Latin American justice systems face a systemic and worsening crisis. Violent crime rates in many countries–particularly among juveniles–are among the world’s highest. The crisis is exacerbated by drug trafficking and related violence; but the roots lie much deeper–in an antiquated and poorly financed justice infrastructure, endemic corruption and badly trained police.
As in the U.S., the press plays a crucial role in informing public debate and changing public policy. Sixteen editors and reporters from Mexico and Central American joined top U.S. and Latin American experts and academics in criminal justice to discuss the challenges ahead at a two-day workshop in Washington DC April 16-18, 2014.
Participants discussed innovative approaches and best practices underway in the U.S. in sentencing, courts and penal reform, juvenile justice; and visited the Washington DC Superior Court, one of the nation’s busiest, for a half-day of discussions with judges and officials. They also sat in on the Family courtroom and mental health court to see alternative approaches to sentencing and punishment. These areas are now at the forefront of efforts to transform criminal justice administration and practice in Mexico and Central America.
The event, entitled, “The Challenge of Justice in the Americas,” was held at the Washington College of Law at the American University Law School. Speakers at the event included, Carmen Ortiz, US Attorney, District of Massachusetts; Marc Mauer, Director, The Sentencing Project; Jose Patricio Patiño, former Sub-Secretary of the Federal Penitentiary System; Enrique Betancourt, former executive director of Mexico’s Center for Crime Prevention and Citizen Participation; Mirte Postema, Senior Program Of?cer for Judicial Independence at the Due Process of Law Foundation; Jeremy Biddle, Central American Security Initiative, USAID; Valerie Raine, director of drug treatment projects at the Center for Court Innovation; and Carmen Santiago Roberts, of the US Office of Juvenile Justice and Delinquency Prevention.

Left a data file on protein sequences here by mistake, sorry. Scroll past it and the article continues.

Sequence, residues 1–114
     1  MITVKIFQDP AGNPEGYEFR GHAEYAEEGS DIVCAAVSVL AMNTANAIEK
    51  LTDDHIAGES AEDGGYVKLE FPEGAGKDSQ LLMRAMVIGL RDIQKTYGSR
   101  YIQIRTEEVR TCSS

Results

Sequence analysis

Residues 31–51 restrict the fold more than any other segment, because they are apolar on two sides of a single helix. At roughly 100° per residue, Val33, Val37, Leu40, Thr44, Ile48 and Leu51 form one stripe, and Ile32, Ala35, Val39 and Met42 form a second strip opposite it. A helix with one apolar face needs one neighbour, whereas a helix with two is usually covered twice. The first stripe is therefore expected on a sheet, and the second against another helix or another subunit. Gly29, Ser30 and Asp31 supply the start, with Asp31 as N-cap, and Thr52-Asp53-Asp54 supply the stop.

The conference was organized by the Center on Media, Crime and Justice (CMCJ) at John Jay College of Criminal Justice in New York. The Center gratefully acknowledges the support of the Tinker Foundation, which made the conference possible; and its co-host, Claudio Grossman, dean of the American University Washington College of Law.
Journalism Coordinators of the event were; Ted Gest, president of Criminal Justice Journalists in Washington DC; and Ana Arana, director of the Fundacion de Periodismo de Investigacion (MEPI) in Mexico City.
For a full agenda click here.
This site will be periodically updated with articles by the John Jay/Tinker Reporting fellows, and with additional material . Readers are welcome to submit comments and material that advances discussion of this issue to the Center for posting on this page.